Not surprisingly, there’s a better way to do this. Both simple and complex problems can often be attacked and solved through iteration, including achieving a defined compliance level in complex IT systems. Achieving audit compliance within your IT ecosystem can be an iterative process, and it doesn’t have to be compressed into the five days before the audit is due. Following is a four-step process I use to guide clients through the process of preparing for and successfully completing IT audits.

Define

The first step is to clearly define what we are trying to achieve. Start big-picture and then drill down into something much smaller and achievable. This will accomplish two things: 1) build some confidence that we can do this, and 2) using what we will do here, we can “drill up” and tackle a similar problem using the same pattern. 

Here is a basic example of starting big-picture and drilling down to an achievable goal: we need to monitor all logs in our organisation (too large); we need to monitor authentication logs in our organisation (still too large); we need to monitor network user authentication logs in our organisation (getting closer); we need to monitor failed network user authentication logs in our organisation (bingo!).

Identify and recognise

Given that we are going to monitor failed user logons, we need a way to do this. There are manual ways to achieve it but given that we will be doing this over and over, it’s obvious that this needs to be automated. Here is where tooling comes into play.  Spend some time identifying tools that can help with log aggregation and management, then find a way to automate the monitoring of failed network user authentication logs.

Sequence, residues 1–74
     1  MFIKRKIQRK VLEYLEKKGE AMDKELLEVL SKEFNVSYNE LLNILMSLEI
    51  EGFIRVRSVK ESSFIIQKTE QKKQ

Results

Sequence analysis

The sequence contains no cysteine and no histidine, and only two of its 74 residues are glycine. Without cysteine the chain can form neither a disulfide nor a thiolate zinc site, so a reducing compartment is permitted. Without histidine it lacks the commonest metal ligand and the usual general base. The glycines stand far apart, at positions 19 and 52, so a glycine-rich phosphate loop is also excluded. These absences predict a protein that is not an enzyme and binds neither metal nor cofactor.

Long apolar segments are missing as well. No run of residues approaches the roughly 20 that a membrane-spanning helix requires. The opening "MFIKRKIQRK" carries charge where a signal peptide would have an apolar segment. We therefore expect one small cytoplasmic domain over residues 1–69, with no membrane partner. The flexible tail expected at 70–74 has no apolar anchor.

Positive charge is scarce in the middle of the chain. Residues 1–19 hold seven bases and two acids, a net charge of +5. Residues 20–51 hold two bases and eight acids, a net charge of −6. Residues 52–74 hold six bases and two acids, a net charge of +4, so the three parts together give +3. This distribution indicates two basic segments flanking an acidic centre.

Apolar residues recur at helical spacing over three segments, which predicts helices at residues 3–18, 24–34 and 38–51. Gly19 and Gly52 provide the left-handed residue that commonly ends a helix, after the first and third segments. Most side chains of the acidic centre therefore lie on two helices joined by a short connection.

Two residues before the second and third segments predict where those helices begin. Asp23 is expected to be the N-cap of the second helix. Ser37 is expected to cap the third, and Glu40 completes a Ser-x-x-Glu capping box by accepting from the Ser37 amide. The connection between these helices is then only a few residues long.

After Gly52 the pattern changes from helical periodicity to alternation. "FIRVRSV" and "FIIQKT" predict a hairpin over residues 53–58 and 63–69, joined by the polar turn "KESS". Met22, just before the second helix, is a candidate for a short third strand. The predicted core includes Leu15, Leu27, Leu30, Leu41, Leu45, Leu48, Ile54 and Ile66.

Notify and remediate

Now that we have an automated way to aggregate and manage failed network user authentication logs, we need to look at our (small and manageable) defined goal and perform the necessary notifications and remediations to meet the requirement.  Again, this will need to be repeated over and over, so spend some time identifying automated tools that can help with this process.

Analyse and report

Now that we are meeting the notification and remediation requirements in a repeatable and automated fashion, we need to analyze and report on the effectiveness of our remedy and, based on the analysis, make necessary improvements to the process.

The iteration (repetitive process) is simple. The scope and execution of the iteration is where things tend to break down. The key to successful iterations starts with defining and setting realistic goals. When in doubt, keep the goals small. The idea here is being able to achieve the goal repeatedly and quickly, with the ability to refine the process to improve the results. No more cramming for this particular compliance requirement – we are now handling it continuously.

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Xero review: Xero to (almost) hero


K.G. Orphanides

15 Mar, 2019

Comprehensive cloud accounting that's particularly well suited to sales-based businesses

Price 
£8.33/£18.33/£22.92 per month (exc VAT)

New Zealand-based cloud accounting specialist Xero is geared up to support HMRC’s new Making Tax Digital VAT payment scheme – which becomes mandatory for all UK businesses with turnover above the £85,000 VAT registration threshold from the 1 April 2019.